The Federal Energy Regulatory Commission last week voted out twokey companion orders whose objective is to minimize the threat of arepeat of price spikes in the electricity market in the near termand beyond.

It accepted the North American Electric Reliability Council’s(NERC) revised interim transmission loading relief (TLR) proceduresthat are aimed at relieving congestion on transmission systemscaused by parallel flows. The procedures would apply totransmission-operating utilities in the Eastern Interconnection. Italso gave the go-ahead to NERC’s pilot redispatch program for thissummer that relies on counterflow transactions to avoidtransmission constraints.

NERC’s TLR proposal “is not the perfect, comprehensive solutionthat may be attainable some months or years down the road,” but it”improves on” the one that the Commission accepted in a December1998 decision, the order said [EL98-52]. In fact, it is a”significant improvement” over the one initially proposed becauseit “takes the first step of quantifying the native load and networkcustomer flows on constrained facilities.” FERC also agreed thatNERC’s proposal for a redispatch pilot “certainly has itslimitations,” but it added that it was a “meaningful and timelystep in the right direction.” For the most part, the Commissiondenied the requests for rehearing of its December 1998 decision ina separate order [EL98-52-002].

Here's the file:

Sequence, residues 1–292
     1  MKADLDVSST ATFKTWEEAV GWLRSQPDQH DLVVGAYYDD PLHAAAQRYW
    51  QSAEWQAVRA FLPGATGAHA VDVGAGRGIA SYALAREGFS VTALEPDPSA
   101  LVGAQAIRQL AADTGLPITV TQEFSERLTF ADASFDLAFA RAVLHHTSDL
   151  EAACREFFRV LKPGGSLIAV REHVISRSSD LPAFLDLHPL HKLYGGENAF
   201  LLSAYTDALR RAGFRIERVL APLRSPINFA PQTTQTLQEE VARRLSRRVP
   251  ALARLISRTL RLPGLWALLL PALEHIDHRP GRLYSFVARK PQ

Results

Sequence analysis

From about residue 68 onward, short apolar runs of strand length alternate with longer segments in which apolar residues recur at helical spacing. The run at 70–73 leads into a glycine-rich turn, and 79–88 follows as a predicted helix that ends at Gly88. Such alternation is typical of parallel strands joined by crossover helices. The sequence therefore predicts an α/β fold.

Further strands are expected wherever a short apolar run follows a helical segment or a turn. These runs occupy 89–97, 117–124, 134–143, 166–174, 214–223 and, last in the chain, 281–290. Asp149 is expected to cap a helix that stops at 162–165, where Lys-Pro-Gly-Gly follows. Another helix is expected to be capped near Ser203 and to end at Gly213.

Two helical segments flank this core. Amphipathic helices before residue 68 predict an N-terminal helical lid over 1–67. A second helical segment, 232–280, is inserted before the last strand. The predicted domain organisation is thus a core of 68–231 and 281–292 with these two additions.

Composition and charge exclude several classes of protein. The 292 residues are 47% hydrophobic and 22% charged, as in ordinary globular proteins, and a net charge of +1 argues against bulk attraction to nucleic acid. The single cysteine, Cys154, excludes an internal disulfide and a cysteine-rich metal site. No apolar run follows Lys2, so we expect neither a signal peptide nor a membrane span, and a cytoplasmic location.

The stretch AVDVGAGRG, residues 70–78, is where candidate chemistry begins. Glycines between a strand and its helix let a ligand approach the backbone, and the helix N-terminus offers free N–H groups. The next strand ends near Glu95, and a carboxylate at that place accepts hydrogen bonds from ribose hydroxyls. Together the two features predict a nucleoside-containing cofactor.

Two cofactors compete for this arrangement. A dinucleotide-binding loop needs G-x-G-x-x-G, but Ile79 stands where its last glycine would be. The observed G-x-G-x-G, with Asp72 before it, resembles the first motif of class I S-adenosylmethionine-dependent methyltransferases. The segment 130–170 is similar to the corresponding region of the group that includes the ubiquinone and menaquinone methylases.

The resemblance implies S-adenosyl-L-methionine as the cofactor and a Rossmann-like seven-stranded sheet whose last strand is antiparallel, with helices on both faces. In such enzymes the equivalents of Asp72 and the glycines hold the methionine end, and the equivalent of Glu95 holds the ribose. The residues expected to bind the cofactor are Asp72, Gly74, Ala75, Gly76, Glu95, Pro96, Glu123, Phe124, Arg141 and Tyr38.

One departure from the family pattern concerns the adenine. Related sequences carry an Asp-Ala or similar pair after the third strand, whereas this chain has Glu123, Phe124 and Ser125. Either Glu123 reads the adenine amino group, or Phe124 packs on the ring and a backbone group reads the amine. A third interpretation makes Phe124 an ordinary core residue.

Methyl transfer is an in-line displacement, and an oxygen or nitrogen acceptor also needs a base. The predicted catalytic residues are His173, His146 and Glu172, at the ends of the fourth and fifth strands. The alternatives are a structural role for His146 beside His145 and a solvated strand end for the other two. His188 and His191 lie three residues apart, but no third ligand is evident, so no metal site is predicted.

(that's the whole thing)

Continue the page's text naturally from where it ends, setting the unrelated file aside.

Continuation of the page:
In addition, FERC approved the Mid-America InterconnectedNetwork’s (MAIN) alternative plan for addressing curtailment ofparallel flows, as well as an alternative to NERC’s redispatchproposal that was submitted by the Northeast Power CoordinatingCouncil (NPCC) on behalf of a number of utilities of the New YorkPower Pool. FERC noted that the MAIN proposal was “consistent inmajor essentials” with NERC’s TLR plan, and that the NPCCredispatch proposal – dubbed the Lake Erie Emergency RedispatchProcedure (LEER) – “goes beyond the requirements” of its December1998 order.

FERC directed the Southwest Power Pool (SPP) to comply withNERC’s TLR procedures, but it said the the power pool’s existingredispatch plan was “adequate” since none of the 13 flowgatesidentified as part of NERC’s redispatch pilot are located in SPP’sregion. As for the Pennsylvania-New Jersey-Maryland (PJM) powerpool, the Commission stressed the need for all power pools tosupport the redispatch pilot with respect to external transactions.Concerns were expressed that while PJM’s current congestionmanagement plans were sufficient to address internal constraints,they were inadequate in the external arena. Some have blamed PJM’sfailure to respond to external power demands last summer for thestrength of the Midwestern price spike.

Susan Parker

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